Aristotle thought that a constant force on an object made it move at a constant speed. Newton buried that. If something moves at a constant speed, forces have to be operating along the same axis in opposite direction. And if some more force is exerted the object accelerates. Just like other forces, tension and compression can operate along the same axis.

(I think a 'plane' is actually a surface? Forces are typically vectors, so they'd be more like a line rather than a plane...)

 alan s 08-13-14 07:45 AM

Here's an experiment you can try at home. Remove all the lower spokes on the front wheel and balance the bike vertically. Then ask yourself what is holding up the front of the bike?

 cyccommute 08-13-14 08:06 AM

Quote:
 Originally Posted by Jonathandavid (Post 17032026) Then I think we've reached an agreement of sorts. You seem to be aware at least what happens in a physical sense, just not of how this is commonly described (again I am reminded of why I am not a logical positivist, but that's neither here nor there). Opposing forces can, actually, operate 'in the same plane'. Just look at a bouncing basketball. Elasticity of the ball, gravity, the push of my hand, the elasticity of the floor, all in the same up/down line. And since tension and compression are forces, they can operate in the same plane. Remember that they do have components, like many other forces. But you don't always need to know these to solve a particular problem, just the resulting force or relevant component will do.
Again you are missing the point. Tension and compression can't work in the same plane simultaneously. Your basketball isn't experiencing compression and rebound at the same time. If it were, the ball would be at rest. The ball is hit by your hand (compression), rebounds off your hand...not tension, by the way, but a release of the compression...hits the ground where it compresses and rebounds back to your hand. None of these actions are happening simultaneously.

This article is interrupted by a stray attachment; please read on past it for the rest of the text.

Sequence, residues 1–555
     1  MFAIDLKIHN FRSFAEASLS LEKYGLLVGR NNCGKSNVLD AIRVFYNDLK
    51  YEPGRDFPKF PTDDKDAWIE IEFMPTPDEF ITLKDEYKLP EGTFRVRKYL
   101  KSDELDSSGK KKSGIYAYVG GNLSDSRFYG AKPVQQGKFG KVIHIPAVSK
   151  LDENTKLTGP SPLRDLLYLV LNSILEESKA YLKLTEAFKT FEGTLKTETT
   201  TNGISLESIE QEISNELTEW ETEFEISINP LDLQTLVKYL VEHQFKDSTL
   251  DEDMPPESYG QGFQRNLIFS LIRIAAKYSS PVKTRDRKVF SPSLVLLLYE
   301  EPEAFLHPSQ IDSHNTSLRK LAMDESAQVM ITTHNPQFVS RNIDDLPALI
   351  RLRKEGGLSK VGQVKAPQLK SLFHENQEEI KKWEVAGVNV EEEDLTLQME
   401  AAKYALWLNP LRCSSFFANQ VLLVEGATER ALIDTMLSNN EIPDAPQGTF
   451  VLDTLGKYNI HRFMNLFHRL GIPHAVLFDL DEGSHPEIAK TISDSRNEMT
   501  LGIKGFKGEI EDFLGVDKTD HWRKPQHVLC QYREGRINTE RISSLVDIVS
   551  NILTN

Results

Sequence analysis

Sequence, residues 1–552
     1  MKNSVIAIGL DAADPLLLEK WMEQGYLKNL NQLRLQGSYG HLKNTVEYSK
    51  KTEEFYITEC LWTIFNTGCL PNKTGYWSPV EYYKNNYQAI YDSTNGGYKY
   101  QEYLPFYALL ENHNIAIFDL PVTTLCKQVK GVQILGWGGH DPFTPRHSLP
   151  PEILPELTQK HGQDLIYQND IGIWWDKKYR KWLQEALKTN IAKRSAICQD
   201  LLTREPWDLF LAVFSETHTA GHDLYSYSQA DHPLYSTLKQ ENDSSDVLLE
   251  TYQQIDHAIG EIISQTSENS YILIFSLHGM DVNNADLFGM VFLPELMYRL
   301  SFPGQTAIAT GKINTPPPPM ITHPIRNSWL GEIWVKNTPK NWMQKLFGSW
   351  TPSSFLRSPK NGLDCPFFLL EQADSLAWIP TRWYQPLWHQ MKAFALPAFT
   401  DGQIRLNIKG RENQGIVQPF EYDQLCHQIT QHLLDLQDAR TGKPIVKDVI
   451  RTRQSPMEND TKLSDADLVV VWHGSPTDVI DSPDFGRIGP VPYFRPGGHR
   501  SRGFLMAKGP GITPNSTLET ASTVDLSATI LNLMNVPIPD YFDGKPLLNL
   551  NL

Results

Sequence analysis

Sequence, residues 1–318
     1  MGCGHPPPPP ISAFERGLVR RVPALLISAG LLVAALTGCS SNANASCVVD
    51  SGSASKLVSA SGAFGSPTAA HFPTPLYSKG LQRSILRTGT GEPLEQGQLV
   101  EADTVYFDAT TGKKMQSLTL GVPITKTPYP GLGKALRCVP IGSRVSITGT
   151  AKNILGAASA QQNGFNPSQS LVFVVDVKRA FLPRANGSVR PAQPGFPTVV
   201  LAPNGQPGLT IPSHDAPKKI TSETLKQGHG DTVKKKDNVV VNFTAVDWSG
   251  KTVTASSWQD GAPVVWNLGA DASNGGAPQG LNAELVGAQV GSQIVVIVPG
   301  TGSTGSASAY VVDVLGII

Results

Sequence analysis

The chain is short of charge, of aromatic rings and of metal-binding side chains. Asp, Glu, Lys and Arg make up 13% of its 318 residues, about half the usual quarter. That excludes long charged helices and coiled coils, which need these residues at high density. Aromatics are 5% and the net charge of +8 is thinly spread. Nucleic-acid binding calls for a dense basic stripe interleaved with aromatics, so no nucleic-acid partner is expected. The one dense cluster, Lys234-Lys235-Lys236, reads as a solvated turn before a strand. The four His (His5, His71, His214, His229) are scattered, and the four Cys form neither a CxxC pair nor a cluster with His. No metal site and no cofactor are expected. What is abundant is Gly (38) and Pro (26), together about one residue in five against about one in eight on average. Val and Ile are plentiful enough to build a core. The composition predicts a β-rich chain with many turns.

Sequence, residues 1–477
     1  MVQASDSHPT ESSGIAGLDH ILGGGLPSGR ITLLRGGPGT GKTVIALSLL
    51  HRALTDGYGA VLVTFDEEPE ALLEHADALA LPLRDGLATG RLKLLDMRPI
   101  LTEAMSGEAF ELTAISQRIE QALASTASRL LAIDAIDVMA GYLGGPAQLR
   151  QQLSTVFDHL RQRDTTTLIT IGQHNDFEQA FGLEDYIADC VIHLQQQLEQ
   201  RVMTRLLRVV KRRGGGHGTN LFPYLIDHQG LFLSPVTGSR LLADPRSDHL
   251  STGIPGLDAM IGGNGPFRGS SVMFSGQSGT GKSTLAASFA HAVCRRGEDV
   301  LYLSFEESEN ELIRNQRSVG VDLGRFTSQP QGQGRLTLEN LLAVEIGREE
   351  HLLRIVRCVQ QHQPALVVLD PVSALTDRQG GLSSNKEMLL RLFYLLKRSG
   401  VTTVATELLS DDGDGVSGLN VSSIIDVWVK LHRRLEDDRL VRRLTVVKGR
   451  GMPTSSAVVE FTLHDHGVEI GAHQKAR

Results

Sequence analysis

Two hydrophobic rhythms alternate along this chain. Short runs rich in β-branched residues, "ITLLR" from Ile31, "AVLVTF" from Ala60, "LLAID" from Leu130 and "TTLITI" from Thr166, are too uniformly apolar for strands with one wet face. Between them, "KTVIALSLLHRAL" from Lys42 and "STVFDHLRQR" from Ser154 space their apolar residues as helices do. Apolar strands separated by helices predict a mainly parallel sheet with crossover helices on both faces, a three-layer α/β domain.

Quote:
 Originally Posted by Jonathandavid (Post 17032026) Reduction of tension is a negative change in tension. Negative tension is effectively compression, because tension cannot actually be negative.
This is were you are just plan wrong. Reduction of tension is a decrease in the force resulting in tension. That is not the same, nor even effectively, compression. It is a reduction in the scalar value of the tension vector. I think the main problem here is how you view tension and compression. They are forces that act in opposite directions...push vs pull...but the absence of one does not mean the presence of the other. In other words, you can compress an object or you can put the object under tension but just because compression and tension don't work together. For example, you can compress a gas but if you release the compression on the gas, you aren't putting tension on the gas.

Tension on a spoke works the same way. When you pull on the end of the spoke with the spoke nipple, you stretch the wire and put the spoke under tension. If you reduce the tension on the spoke by loosening the spoke nipple, you are simply releasing tension on the spoke. You aren't compressing the spoke...effectively or any other way.

Quote:
 Originally Posted by Jonathandavid (Post 17032026) This is what I meant when I said that we seem to actually agree on this: the net stress within the spoke is tension, which keeps it in place. If you can only wrap your head around it if I call it 'tension reduction' that is fine by me, because the physical reality is the same. There is no change in tension in the upper spokes and a reduction in tension in the lower spokes. If a bike 'hangs' in the upper spokes, those spokes would be subject to more tensional stress. As this is not the case, the bike does not hang in the upper spokes.
On the other hand, if the wheel "stands" on the bottom spokes, the spoke would be compressed. It experiences no compression because there is nothing "compressing" it. In other words, there isn't a force pushing upward on the spoke. As I said before, take a loosely laced wheel and set it on the ground. Which spokes are in contact with the rim? Not the bottom ones.

Quote:
 Originally Posted by Jonathandavid (Post 17032026) And that is what makes a bicycle wheel a remarkable thing. If I cut all spokes except the lowest ones, then those floating nipples of yours will cause the spokes to be rammed into the tube/tyre - and some other unpleasantness as well. But, as you aptly described at the beginning of this discussion, spokes are locked firmly in place by pretensioning them. This makes the wheel behave like a wheel. To stick to the lingo that you prefer, the weight of the bike is absorbed as a reduction in tension by the lower spokes. And surely the rim also, which I have mostly disregarded because it is not important for the question regarding if the bike hangs in the upper spokes.